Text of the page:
Member # 3
posted 11-19-2012 07:01 PM
The fact that you keep making clear that you don't know how you feel is a pretty strong cue that you need time to figure it out for yourself, don't you think?
Do you feel like you have to make decisions about either of these things -- being friends or trying to date more casually after he broke up with you -- now? or quickly? Are you not able, for some reason, to take at least a couple weeks to just process the breakup and your feelings before even thinking about either of these things? I assume it's him putting these options on the table, btw? If so, despite breaking up with you, is he not actually giving you any space? Like by calling you or otherwise putting these choices on the table now?
Member # 33821
posted 11-19-2012 07:04 PM
Oh I feel I have time to think about it I just needed some insights or opinions for other as I consider. And we are mutually speaking to each other and we both kind of proposed or discussed these kinds of options. He recognizes that if I need space he will give it to me, but at the moment I'm not taking space because we've been talking because I'm trying to figure out what to do or how I feel.
Member # 3
posted 11-19-2012 07:11 PM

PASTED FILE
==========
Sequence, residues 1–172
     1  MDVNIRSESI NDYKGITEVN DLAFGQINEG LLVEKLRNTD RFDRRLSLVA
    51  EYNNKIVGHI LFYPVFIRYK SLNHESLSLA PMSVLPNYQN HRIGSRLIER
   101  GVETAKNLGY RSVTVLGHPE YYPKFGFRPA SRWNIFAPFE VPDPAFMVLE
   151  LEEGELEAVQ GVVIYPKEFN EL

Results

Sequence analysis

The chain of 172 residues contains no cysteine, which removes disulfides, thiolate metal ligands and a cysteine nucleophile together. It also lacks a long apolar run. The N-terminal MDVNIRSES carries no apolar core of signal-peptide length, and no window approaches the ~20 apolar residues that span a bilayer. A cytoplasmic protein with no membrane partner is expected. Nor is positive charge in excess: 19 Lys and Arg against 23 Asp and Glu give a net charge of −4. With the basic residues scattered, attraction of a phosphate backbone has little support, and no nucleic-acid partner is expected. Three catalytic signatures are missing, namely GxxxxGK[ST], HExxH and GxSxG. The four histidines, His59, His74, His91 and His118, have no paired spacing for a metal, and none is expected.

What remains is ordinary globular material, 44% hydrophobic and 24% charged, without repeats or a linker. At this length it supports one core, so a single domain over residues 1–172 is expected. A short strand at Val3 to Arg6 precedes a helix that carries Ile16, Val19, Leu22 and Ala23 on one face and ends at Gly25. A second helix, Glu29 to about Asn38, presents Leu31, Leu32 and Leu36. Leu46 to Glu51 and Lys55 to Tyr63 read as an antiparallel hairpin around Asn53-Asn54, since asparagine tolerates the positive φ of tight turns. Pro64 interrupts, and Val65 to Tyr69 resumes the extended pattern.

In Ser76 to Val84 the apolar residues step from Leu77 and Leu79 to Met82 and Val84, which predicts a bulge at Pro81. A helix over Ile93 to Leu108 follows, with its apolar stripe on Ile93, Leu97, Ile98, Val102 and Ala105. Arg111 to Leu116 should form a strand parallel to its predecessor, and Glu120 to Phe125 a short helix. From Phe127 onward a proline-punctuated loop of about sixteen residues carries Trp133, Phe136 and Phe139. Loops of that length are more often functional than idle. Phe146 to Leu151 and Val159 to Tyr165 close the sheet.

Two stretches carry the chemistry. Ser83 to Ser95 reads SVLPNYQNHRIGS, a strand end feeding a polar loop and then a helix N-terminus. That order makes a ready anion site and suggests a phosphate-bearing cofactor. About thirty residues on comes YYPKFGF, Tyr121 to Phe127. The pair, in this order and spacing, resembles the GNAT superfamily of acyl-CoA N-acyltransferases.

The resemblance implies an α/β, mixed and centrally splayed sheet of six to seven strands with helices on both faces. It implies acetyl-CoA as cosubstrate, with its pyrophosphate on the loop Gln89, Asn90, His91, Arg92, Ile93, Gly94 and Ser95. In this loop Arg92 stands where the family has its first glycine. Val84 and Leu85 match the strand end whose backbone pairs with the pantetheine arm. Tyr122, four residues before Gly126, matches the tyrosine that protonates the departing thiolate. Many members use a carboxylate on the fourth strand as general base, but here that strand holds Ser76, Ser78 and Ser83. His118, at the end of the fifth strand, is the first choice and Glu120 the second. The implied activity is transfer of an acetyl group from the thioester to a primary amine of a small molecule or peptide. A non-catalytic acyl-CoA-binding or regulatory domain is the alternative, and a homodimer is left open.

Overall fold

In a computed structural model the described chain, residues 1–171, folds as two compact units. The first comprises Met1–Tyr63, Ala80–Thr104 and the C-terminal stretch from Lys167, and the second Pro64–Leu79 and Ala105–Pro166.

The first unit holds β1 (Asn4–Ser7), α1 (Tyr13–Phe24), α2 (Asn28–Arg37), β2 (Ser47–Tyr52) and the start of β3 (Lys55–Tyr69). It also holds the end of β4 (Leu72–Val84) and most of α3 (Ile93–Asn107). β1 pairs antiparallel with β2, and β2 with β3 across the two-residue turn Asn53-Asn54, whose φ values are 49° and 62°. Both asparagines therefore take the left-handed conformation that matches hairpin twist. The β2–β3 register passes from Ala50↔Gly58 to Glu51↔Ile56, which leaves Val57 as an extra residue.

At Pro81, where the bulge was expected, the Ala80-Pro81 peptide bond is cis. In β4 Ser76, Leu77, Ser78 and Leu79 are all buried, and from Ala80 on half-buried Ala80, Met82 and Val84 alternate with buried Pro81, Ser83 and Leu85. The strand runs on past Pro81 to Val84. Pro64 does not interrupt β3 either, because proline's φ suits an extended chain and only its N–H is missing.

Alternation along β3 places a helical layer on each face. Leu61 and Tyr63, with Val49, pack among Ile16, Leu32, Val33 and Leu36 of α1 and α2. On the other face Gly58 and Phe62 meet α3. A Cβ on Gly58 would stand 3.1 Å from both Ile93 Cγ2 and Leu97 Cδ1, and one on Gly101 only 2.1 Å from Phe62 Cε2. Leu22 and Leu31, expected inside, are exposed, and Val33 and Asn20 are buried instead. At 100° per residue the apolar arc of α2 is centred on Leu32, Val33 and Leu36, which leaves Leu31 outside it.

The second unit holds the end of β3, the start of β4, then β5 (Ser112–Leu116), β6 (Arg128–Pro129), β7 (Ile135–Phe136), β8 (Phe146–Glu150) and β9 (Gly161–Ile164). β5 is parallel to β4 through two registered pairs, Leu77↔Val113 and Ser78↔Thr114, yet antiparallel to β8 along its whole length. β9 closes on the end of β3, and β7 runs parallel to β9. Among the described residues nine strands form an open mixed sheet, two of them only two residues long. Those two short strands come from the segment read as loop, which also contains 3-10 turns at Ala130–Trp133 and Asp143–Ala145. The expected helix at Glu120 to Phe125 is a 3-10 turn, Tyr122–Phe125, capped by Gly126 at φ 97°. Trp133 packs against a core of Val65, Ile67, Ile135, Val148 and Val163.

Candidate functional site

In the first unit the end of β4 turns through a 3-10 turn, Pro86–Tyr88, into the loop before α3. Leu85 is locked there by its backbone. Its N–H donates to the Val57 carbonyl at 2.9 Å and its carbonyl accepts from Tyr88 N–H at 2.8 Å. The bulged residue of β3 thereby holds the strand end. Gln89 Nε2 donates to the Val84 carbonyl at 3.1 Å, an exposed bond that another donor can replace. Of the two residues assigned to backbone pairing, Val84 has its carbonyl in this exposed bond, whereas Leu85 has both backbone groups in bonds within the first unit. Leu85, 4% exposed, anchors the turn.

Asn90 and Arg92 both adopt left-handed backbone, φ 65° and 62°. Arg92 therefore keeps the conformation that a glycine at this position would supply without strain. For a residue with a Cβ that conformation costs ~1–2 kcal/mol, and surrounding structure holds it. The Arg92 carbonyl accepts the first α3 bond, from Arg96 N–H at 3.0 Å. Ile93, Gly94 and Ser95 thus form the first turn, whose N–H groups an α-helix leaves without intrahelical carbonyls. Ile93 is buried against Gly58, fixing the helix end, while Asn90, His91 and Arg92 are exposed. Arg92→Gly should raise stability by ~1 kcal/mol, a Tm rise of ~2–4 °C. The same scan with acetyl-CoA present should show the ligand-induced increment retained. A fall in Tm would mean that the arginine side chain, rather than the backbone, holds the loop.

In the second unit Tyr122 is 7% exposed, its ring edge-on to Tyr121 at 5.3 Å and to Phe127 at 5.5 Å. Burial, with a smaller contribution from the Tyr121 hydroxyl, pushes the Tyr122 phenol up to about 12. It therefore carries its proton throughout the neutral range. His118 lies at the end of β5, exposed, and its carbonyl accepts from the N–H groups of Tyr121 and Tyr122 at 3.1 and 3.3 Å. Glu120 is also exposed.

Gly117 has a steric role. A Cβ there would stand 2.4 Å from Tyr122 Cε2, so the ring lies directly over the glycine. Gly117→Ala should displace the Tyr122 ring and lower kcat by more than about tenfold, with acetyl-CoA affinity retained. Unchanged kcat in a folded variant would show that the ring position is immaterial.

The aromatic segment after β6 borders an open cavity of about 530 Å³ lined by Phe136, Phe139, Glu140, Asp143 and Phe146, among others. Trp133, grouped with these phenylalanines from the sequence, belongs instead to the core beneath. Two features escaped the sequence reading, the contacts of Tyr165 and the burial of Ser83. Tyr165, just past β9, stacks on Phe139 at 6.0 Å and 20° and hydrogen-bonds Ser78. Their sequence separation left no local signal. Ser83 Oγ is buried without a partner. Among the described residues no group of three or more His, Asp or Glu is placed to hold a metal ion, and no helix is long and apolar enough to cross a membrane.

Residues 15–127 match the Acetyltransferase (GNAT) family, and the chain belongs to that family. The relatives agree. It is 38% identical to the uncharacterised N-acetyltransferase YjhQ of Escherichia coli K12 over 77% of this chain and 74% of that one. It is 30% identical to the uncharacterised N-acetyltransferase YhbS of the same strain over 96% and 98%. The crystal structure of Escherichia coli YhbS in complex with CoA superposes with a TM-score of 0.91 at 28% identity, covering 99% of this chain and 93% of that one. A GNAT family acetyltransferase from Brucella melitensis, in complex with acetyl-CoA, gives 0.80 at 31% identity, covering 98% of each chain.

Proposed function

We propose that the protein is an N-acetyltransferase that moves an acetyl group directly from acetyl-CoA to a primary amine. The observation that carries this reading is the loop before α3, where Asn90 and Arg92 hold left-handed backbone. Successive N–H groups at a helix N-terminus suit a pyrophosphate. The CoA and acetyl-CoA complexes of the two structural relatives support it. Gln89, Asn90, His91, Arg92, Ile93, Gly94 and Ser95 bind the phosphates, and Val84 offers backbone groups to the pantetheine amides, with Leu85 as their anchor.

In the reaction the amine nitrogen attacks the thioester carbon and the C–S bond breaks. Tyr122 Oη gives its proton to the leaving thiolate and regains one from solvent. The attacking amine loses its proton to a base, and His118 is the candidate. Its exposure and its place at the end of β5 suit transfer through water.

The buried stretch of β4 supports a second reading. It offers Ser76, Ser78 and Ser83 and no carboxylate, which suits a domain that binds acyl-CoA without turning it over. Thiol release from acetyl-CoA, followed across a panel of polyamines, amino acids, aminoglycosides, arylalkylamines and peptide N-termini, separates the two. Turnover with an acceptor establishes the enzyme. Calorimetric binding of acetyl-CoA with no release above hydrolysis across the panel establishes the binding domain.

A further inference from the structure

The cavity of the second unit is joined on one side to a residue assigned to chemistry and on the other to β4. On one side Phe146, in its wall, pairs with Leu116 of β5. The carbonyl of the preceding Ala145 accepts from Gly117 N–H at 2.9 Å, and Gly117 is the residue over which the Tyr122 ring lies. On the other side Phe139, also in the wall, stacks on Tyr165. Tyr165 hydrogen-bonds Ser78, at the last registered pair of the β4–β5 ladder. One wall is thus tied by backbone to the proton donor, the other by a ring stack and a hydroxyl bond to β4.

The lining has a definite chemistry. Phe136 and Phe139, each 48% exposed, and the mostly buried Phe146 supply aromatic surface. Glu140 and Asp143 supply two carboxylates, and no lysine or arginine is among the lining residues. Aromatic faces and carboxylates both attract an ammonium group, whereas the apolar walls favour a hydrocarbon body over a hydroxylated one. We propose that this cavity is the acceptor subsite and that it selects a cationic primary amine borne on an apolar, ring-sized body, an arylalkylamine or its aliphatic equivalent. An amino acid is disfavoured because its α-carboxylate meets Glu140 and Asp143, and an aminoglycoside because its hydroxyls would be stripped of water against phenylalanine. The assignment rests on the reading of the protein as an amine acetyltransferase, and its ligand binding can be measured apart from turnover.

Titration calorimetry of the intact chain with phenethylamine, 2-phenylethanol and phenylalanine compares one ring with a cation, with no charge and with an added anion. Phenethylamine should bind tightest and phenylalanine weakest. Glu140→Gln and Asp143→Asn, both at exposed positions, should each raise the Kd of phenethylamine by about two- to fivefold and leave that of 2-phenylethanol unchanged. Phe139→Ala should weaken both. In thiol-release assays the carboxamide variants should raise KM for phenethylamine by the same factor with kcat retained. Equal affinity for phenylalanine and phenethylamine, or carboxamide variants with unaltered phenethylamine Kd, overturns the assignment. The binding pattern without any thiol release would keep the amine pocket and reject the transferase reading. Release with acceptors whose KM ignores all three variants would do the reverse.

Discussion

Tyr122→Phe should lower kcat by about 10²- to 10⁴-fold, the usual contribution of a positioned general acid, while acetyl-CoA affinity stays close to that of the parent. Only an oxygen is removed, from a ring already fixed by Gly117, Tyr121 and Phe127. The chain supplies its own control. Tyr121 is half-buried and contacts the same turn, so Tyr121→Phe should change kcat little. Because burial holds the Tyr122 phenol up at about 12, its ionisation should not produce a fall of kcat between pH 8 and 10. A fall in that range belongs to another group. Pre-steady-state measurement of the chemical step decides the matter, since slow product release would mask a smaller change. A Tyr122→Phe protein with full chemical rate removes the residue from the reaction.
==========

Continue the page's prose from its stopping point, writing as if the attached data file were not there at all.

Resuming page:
My best advice?
Take a week, minimum, without talking to him. Get some real space. Talk to friends when you need support and want to try and hash your feelings about this out. Don't even go to the "what nexts" yet. It just seems way, way too soon for that to me. I just think trying to figure this out when it sounds like, in a lot of ways, nothing has even changed -- he broke up with you, but you're still talking, maybe even just as much, he's still putting dating on the table, he's still asking about some kind of ongoing relationship with you -- and you haven't even been able to really feel any changes, and just sit, by yourself, with the breakup, is going to be VERY difficult to do well. Also? He's probably about the worst person to talk to right now to figure out how you feel about the breakup and feel about him, moving forward. A much better bet would be someone you can talk to about this who isn't part of the relationship. So, were it me? I'd be insisting on some real space, ASAP. [ 11-19-2012, 07:11 PM: Message edited by: Heather ]